I answered honestly. “I’m here for work. I guess I hope to write up something about my experience in the class following this.”
He nodded. We both stared down into our tea cups in silence. Words he had spoken previously swirled in my mind. He had inspired in the class a quiet determination to bring about change, whatever measure that might look like, and given a relatively concrete agenda. However, another moment of impulsive honesty from him had not slipped my notice.
“We’re screwed,” he’d said, following another question. His gaze had been far away. “Or at least our children are. And I don’t know about you, but I’d hope to provide them something better than what they’re going to get.”
He had been speaking about climate change reality as a whole. His words were haunted, existential – they demanded we reflect on the reality of the worldly inheritance we were going to give future generations. It had stuck with me. As an American, I thought of the impact the US had on the rest of the world – on the immense consequences its policies could unintendedly have for a small, but severely important, island far on the other side of the world. I thought of the words of another participant in the masterclass who had huffed in frustration about how Sri Lanka and the rest of the world would have to deal because “one country decided to elect a loony.”
“It’s hard to be optimistic isn’t it?” I asked him then.
Professor Gaasbeek’s laughter was quiet. He let the silence settle again. “Maybe,” he said. “But I believe there exists an alternative to pessimism.”
“What is that?”
“Living life with a sense of irony.”
I laughed out loud. And somehow, miraculously, the pessimistic cloud of thoughts cleared. What was left was the motivating sense of urgency Gaasbeek had inspired during class and an understanding of what conversation outside of the classroom meant. It meant emotional relevance and interconnectedness – the missing link that was the necessary next step in demanding change.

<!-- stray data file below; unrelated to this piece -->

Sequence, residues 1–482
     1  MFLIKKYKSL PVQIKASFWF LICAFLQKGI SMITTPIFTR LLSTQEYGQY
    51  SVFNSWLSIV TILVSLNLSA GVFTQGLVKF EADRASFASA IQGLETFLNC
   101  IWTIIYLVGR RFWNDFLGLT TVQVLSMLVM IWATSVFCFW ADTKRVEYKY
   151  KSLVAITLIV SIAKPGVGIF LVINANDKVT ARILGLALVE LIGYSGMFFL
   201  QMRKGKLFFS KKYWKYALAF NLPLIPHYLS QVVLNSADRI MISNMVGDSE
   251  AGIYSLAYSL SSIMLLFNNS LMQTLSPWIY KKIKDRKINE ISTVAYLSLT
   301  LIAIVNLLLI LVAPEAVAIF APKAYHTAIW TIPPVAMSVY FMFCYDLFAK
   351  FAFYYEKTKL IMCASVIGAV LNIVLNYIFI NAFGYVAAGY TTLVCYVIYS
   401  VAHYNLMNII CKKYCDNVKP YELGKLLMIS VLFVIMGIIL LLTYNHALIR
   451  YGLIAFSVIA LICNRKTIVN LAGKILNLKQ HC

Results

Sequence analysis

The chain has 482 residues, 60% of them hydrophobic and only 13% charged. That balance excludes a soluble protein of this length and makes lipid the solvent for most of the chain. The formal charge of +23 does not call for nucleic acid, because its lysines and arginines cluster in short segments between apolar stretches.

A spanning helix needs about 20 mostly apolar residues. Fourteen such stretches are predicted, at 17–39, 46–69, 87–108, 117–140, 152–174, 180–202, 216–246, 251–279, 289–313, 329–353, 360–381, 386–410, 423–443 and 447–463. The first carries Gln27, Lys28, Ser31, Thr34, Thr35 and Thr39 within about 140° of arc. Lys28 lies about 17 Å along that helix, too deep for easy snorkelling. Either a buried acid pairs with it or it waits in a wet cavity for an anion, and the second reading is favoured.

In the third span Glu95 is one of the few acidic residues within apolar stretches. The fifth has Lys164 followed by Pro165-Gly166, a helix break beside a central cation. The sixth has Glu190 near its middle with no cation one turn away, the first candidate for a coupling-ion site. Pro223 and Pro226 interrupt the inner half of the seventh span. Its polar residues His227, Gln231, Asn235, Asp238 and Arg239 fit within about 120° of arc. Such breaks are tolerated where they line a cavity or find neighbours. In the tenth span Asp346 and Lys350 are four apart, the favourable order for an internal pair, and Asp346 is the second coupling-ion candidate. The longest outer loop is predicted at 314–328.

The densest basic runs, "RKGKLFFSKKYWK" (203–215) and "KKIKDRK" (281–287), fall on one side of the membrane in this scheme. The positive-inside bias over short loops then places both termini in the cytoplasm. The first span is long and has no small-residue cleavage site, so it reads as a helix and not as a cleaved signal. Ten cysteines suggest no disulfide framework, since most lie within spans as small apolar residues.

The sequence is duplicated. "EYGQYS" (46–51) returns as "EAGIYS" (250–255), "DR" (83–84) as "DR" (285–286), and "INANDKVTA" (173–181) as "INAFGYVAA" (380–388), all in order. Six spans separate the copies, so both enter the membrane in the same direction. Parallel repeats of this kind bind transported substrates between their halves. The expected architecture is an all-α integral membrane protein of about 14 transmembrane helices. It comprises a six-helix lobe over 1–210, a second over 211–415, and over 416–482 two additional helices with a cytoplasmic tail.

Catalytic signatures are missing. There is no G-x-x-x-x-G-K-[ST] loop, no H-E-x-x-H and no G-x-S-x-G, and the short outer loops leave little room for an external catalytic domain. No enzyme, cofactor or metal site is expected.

It begged stepping out of academic circles and making the conversation about changing the world climate to one palatable to multiple audiences. Talking about the economy, talking about the tea industry, to those in power in order to instill a desire to act. Bringing an education of climate reality to the large world outside of elite circles and making the issue personal.
It meant embarking on a quest for future solutions equipped with science, conversation, and a healthy dose of irony.
The ‘Colombo Development Dialogues’ (CDD) is a collaborative initiative by the LSE South Asia Centre (LSE-SAC) and the United Nations Development Programme in Sri Lanka, in partnership with Dilmah Tea, the Citra Social Innovation Lab and the Faculty of Graduate Studies, University of Colombo. The CDD series comprises three components: (1) A Masterclass for research students on the selected thematic area, conducted by an academic brought down by LSE-SAC; (2) The CDD forum; and (3) A post-dialogue Policy Working Paper (currently available for download on the UNDP Sri Lanka and LSE-SAC websites). The forum aims to bring together a diverse group of development thinkers and practitioners to discuss relevant issues pertaining to current national and regional priorities ahead of the 2030 Development Agenda.
This article is a reflection of the Masterclass of the second edition of the CDD, which was held on 31 August 2018, in Colombo.